This website provides a large collection of safe experiments that I have gathered from colleagues and clients over decades. They have been tried out over many years. Put together, I can offer a coherent explanation for how small, safe experiments help you and me make useful changes.
Although no experiment on offer will always work, most things described on this website have worked, sometimes, for some people. I believe this website may be of use to you, my reader, as well as clients.
My line of reasoning is that the rewards and encouragements I receive in life are small victories I get from other people. The words of affirmation I hear in my own head are my self-generated Small Victories.
The scuffs and bruises I receive in my tussles with others are the small defeats that clutter my scenic route. The harsh words of criticism I hear in my head are just one source of Small Defeats that I allow into my life. Those less visible obstacles on my scenic route can turn out to be the larger traps.
I rather think you and I are alike. Our lives are made up of a series of small victories or a small defeats: Let me explain:
It’s not as simple as it seems
If you completed the steps as described on my Welcome page, then you may have created several small victories; that is, generated experiences or obtained information you can use this afternoonor tomorrow to do something just a little bit different.
If you did exactly as I said, then that might well be a small defeat in the longer run. Conformity can limit our abilty to be creative. In actual practice, then, readers have a mixture of small victories and small defeats.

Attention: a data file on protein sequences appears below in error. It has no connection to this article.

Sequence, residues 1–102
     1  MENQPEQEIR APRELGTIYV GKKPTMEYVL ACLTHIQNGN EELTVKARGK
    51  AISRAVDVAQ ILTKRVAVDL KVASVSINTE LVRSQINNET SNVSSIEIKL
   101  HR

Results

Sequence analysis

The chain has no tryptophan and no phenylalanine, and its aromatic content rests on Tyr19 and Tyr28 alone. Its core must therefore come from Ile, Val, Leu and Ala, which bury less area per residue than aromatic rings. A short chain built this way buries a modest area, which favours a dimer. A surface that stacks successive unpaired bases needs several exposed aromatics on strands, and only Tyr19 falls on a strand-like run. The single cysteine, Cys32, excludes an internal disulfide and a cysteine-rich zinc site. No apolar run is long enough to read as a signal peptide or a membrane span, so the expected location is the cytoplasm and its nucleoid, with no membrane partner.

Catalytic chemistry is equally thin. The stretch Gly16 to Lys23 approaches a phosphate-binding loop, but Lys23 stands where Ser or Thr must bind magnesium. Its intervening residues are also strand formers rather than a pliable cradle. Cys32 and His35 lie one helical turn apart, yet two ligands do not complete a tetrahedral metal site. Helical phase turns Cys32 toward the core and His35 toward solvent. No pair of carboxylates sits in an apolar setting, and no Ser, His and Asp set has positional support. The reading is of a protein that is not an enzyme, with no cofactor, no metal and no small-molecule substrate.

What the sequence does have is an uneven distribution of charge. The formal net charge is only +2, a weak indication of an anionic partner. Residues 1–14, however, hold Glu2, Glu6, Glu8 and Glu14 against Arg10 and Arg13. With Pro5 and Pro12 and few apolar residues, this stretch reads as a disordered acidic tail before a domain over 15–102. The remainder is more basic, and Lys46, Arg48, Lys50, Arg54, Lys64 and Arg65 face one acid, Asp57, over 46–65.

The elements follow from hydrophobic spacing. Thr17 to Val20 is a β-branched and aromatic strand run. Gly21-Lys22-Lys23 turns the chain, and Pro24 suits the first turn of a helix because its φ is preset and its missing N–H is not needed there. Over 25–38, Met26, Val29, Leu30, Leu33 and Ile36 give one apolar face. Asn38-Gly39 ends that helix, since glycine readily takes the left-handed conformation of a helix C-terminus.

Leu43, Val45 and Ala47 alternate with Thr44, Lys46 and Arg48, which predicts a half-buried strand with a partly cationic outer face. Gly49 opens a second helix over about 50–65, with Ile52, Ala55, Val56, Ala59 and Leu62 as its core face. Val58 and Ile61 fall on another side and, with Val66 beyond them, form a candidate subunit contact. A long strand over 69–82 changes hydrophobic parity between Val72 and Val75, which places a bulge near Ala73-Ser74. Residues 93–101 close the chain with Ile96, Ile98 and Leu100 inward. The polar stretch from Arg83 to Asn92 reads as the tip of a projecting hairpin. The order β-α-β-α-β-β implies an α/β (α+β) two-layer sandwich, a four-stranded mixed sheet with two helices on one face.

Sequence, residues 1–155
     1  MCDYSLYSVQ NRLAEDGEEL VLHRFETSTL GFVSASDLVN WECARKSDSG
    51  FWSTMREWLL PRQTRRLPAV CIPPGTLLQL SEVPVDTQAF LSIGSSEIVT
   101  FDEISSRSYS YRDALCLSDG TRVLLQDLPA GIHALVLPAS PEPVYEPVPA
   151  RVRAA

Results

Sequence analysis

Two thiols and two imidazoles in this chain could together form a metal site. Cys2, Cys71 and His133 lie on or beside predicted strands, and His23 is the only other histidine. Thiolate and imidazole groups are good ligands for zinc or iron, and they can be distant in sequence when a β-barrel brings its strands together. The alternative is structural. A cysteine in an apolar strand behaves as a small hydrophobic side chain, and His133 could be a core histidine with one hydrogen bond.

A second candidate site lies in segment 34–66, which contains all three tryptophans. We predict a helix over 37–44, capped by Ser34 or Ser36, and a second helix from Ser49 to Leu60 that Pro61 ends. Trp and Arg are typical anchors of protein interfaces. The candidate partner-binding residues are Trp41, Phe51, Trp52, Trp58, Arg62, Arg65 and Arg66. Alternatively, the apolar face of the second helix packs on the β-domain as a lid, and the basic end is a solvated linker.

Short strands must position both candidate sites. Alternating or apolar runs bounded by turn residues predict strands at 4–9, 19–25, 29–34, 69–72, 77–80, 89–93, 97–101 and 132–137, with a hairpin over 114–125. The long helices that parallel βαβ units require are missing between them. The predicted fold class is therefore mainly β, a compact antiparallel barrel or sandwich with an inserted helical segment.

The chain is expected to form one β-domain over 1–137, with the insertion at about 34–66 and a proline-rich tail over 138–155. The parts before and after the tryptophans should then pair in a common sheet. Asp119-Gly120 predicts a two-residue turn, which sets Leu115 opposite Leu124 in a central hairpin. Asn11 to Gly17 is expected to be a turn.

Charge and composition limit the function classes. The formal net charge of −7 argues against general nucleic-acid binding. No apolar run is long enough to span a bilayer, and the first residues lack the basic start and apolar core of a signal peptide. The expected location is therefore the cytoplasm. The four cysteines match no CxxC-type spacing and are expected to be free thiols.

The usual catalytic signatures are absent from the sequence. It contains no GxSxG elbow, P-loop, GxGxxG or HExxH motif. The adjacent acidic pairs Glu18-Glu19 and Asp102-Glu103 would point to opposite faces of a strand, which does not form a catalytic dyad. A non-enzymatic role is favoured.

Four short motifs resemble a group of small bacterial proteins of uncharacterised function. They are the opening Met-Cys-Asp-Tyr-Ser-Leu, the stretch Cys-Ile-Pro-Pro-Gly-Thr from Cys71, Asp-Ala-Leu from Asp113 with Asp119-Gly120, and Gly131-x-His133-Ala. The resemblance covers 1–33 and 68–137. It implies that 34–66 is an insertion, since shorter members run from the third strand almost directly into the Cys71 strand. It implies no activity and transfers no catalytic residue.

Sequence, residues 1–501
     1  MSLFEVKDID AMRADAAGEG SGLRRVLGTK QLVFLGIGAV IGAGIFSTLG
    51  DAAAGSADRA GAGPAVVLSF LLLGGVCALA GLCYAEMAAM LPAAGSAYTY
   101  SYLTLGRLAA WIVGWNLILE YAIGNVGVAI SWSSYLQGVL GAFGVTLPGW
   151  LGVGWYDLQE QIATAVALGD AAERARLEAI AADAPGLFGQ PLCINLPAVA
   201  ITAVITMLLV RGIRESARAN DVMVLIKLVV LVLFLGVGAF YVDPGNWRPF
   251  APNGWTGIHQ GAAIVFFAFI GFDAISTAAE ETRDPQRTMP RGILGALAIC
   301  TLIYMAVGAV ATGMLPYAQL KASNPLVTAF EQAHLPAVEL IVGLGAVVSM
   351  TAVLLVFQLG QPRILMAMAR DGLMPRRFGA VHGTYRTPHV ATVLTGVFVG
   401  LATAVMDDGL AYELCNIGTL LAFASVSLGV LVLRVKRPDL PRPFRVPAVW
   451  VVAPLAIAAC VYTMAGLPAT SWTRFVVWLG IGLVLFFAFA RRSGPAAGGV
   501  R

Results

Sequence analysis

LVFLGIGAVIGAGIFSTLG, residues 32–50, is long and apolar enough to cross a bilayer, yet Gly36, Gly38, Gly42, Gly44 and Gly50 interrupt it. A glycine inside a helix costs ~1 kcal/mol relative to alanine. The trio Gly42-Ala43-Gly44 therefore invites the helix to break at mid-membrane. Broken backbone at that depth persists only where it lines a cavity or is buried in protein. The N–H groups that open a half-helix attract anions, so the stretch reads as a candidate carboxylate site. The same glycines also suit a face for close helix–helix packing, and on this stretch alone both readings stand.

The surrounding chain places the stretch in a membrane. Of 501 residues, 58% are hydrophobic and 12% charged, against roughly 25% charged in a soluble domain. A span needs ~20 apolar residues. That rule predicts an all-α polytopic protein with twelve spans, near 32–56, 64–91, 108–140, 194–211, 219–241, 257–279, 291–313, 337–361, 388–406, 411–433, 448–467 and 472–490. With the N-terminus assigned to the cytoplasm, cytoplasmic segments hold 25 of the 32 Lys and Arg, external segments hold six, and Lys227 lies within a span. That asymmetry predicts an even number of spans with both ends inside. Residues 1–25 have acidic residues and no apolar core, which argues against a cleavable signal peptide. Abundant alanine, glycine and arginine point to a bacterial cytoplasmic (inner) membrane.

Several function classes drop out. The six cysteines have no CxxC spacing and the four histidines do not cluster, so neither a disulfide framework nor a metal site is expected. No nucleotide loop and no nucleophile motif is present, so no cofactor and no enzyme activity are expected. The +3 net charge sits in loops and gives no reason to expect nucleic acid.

How does this come about? You cannot notice all and everything in my picture, but some details are more important than others, e.g. the danger signs or the query about the best form of travel.
Yet what is important to you, is not the same as what is important to me. If you do not notice something of potential importance to you, then that’s an important small defeat. Something is there but it was not registered. In my own experience, it is a common to miss important opportunities in life.
Confusion can be handy
Some safe experiments will create confusion and – to be contrary – others will help us to value confusion. There is an illustrative example of how we can befuddle ourselves at: .https://your-nudge.com/being-in-two-minds/.
It’s OK most of the time, but it could be tricky if I am walking on a scenic route and too pre-occupied to scan my horizon for confusions. Each one is a potential obstacle! I say more about all this at: https://your-nudge.com/nudging-along-the-scenic-route/, with further discussion available on this page.
If you did miss the opportunity to be curious about the details in the illustration, then you would have missed an opportunity to just notice your own reaction to something just a little bit different. When that happens, it’s a different small defeat.
How we feel about most things shapes what we do about them. This example is intended to demonstrate that the design of a nudge is trickier than first appears, and yet effective change requires a series of nudges.